Artificial intelligence firm OpenAI is working on a tool to watermark the AI-generated text to prevent people from taking such texts and passing them off as their own work. The information comes from Scott Aaronson, an OpenAI guest researcher in his blog.
Although still under discussion, the watermark will use a cryptographic pseudorandom function to add an unnoticeable signal to the text. A cryptographic tool incorporates a detectable signature in the words generated by OpenAI’s text-generating AI models.
GPT models work with language in the form of tokens. The input text is read as tokens, and outputs are provided as tokens. GPT models provide a list of tokens as output, each with an associated score, from which an external algorithm chooses a winner to produce as the following token output.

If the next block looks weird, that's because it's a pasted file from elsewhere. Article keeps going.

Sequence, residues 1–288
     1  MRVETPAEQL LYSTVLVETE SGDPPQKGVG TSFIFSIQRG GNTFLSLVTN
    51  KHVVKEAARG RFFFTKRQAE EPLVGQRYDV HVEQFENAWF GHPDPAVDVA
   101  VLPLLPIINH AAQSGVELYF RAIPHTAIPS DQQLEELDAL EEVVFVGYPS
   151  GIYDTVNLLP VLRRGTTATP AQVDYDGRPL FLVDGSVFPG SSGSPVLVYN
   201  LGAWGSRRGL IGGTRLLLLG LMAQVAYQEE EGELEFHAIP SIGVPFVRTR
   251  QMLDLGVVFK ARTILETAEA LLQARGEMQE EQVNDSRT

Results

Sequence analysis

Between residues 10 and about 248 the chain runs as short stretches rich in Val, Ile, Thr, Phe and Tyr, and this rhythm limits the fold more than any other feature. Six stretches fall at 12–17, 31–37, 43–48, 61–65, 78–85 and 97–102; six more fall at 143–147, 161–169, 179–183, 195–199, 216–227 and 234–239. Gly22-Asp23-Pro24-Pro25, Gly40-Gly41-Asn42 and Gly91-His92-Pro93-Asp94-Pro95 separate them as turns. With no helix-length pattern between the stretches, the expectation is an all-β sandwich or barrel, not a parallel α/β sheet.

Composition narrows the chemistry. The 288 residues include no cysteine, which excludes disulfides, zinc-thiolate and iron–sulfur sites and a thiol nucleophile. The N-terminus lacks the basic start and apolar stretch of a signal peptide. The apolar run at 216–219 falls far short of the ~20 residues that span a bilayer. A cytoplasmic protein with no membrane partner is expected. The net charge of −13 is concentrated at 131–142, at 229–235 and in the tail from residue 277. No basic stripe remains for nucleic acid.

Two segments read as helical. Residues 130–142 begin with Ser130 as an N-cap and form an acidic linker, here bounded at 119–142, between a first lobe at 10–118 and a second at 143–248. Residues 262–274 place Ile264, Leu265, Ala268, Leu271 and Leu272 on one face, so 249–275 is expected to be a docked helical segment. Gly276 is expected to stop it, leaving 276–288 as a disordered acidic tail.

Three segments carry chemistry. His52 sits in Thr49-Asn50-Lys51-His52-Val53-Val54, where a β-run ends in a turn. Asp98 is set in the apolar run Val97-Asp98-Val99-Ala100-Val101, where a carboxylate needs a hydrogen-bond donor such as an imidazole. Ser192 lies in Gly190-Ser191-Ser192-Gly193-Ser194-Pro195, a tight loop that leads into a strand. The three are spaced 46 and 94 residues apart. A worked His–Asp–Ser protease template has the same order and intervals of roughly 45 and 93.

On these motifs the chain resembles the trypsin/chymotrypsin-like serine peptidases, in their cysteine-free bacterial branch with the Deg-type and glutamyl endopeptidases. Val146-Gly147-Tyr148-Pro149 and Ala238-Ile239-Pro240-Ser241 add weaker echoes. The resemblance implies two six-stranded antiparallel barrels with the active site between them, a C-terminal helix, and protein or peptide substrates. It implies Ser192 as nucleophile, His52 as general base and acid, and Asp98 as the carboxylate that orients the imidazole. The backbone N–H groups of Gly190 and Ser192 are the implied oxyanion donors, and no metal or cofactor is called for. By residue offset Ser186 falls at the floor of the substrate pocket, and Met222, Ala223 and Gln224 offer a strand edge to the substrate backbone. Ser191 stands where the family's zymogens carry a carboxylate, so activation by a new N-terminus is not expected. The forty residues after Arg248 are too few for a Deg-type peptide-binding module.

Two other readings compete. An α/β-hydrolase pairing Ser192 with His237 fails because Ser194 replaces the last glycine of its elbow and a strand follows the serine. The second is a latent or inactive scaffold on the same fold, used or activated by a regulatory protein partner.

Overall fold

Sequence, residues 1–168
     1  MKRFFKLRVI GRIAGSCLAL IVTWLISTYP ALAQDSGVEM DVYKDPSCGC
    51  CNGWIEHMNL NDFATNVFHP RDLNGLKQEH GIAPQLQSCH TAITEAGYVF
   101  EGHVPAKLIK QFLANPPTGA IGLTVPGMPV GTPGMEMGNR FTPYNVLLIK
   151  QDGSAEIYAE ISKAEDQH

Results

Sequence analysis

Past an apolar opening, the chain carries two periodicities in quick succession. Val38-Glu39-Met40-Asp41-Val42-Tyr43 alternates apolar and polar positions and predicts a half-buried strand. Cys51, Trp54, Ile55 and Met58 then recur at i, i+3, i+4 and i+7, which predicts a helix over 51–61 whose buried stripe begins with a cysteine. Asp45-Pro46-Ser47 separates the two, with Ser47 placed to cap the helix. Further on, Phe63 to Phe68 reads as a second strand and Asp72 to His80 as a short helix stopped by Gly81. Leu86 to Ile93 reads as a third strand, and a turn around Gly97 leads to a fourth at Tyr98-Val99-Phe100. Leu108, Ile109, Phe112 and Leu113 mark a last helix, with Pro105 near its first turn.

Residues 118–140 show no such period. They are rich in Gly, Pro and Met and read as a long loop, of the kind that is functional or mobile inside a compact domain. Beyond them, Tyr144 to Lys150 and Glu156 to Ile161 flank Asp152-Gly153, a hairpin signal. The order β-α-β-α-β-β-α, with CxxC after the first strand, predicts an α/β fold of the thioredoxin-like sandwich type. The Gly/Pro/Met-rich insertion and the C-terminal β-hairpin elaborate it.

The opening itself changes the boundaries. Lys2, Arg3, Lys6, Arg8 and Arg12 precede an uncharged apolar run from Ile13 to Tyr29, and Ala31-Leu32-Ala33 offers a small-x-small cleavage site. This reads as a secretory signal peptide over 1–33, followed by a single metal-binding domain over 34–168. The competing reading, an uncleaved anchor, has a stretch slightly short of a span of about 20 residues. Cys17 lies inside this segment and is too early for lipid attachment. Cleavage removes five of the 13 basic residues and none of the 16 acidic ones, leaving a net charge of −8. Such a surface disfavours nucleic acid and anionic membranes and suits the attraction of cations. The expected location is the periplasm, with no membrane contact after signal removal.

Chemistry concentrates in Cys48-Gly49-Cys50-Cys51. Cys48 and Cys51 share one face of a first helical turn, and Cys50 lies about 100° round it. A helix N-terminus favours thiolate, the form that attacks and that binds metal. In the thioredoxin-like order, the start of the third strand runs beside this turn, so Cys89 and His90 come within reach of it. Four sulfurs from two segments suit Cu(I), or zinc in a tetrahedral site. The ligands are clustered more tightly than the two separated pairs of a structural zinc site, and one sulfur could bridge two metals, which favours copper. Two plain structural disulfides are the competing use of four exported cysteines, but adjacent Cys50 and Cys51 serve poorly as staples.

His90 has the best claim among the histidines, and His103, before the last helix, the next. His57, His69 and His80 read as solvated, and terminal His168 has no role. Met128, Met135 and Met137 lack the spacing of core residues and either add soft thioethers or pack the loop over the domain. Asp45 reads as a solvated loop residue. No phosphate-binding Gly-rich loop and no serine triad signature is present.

The external algorithm is hosted on OpenAI’s servers. The algorithm chooses a single winner from the list, weighted by their score, and incorporates some amount of randomness to keep output unique and varied. This randomness factor is exactly where OpenAI will implement the watermarking scheme.
Instead of taking some typical random function, OpenAI is creating its own with a key only they can access. From the list of output tokens, the one that maximizes the randomness function would be selected as the next output.
With this custom pseudorandom function, any given text string could be analyzed to find if it maximizes the function like GPT output would. Even if humans lightly modify GPT output, the average function maximization would still indicate a GPT creation.